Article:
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Management of behavioural and psychiatric symptoms in dementia and the treatment of psychosis in people with a history of stroke/TIA

Last reviewed dd mmm yyyy. Last edited dd mmm yyyy

Authoring team

NICE guidance on dementia recommends that antipsychotics should be used only in exceptional circumstances in elderly patients with dementia (1):

  • only offer antipsychotics for people living with dementia who are either:
    • at risk of harming themselves or others
    • or experiencing agitation, hallucinations or delusions that are causing them severe distress

  • be aware that for people with dementia with Lewy bodies or Parkinson's disease dementia, antipsychotics can worsen the motor features of the condition, and in some cases cause severe antipsychotic sensitivity reactions

  • before starting antipsychotics, discuss the benefits and harms with the person and their family members or carers (as appropriate)

  • when using antipsychotics:
    • use the lowest effective dose and use them for the shortest possible time
    • reassess the person at least every 6 weeks, to check whether they still need medication

  • stop treatment with antipsychotics:
    • if the person is not getting a clear ongoing benefit from taking them and
    • after discussion with the person taking them and their family members or carers (as appropriate)

  • valproate should not be used to manage agitation or aggression in people living with dementia, unless it is indicated for another condition

Antipsychotics can be classified into two subgroups:

  • typical (conventional, first-generation) and atypical (second-generation) agents
    • typical antipsychotics include haloperidol, chlorpromazine and thiothixene
    • atypical antipsychotics include risperidone, olanzapine, quetiapine, clozapine, and aripiprazole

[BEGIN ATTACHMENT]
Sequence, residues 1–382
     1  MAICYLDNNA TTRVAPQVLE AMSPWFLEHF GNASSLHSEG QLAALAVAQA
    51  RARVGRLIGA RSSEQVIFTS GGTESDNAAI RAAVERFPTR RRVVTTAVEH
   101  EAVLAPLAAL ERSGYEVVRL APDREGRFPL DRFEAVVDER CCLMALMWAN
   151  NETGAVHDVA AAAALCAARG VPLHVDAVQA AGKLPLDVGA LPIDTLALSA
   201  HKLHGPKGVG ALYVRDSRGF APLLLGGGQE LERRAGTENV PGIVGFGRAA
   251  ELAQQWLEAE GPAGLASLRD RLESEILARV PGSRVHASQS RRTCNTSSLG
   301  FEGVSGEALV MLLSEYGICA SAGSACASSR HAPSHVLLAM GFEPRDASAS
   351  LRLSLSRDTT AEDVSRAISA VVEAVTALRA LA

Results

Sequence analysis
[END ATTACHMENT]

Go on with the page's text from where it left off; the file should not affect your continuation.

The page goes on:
• the most commonly used atypical antipsychotic for agitation and psychosis in dementia
    • the US Food and Drug Administration (FDA) has not approved any antipsychotics for use in people with dementia; in the EU, only risperidone is licensed for short-term use for aggression in this patient population (2)

Mortality and use of antipsychotics (2,3,4)

  • regulatory agencies issued a warning about the use of atypical antipsychotics in people with dementia in the mid-2000s due to an increased risk of death and stoke in this population
  • cohort studies have also shown an association between use of typical antipsychotics and an increased risk of mortality in older people
  • Luijendijk et al have postulated that this the co-occurrence of the use of typical antipsychotics and deaths might result from "confounding by indication" because many cohort studies included people with terminal illness and delirium, but did not adjust for severity of disease
    • "..conclude that terminal illness has not been adjusted for in observational studies that reported an increased risk of mortality risk in elderly users of conventional antipsychotics. As the validity of the evidence is questionable, so is the warning based on it.."
    • may be an explanation why mortality is highest during the first month of use

NICE CKS suggests either haloperidol or risperidone as antispsychotics of choice in dementia (5):

  • haloperidol
    • initial dose of 0.5 mg daily
    • dose is increased gradually every 1-3 days according to response to a maximum of 5 mg daily if required (in 1–2 divided doses)
    • haloperidol treatment should be reassessed after no more than 6 weeks.
    • doses above 5 mg/day should only be considered in people who have tolerated higher doses and after reassessment of the person's individual benefit-risk profile.
  • risperidone
    • initial dose of 0.25 mg twice daily
    • the dose of risperidone is adjusted by increments of 0.25 mg twice daily on alternate days according to response
    • the optimum dose is 0.5 mg twice daily, however some people may benefit from doses up to 1 mg twice daily
    • states that risperidone should not be used for more than 6 weeks in people with persistent aggression in Alzheimer's dementia
    • whilst on treatment with resperidone then, evaluate people frequently and regularly to reassess the need for continuing treatment
    • MHRA advises that monitoring blood concentration of risperidone may be helpful in certain circumstances, such as presenting symptoms suggestive of toxicity, or when concomitant medicines may interact to increase blood concentration of risperidone

Risperidone in the treatment of neuropsychiatric symptoms of dementia: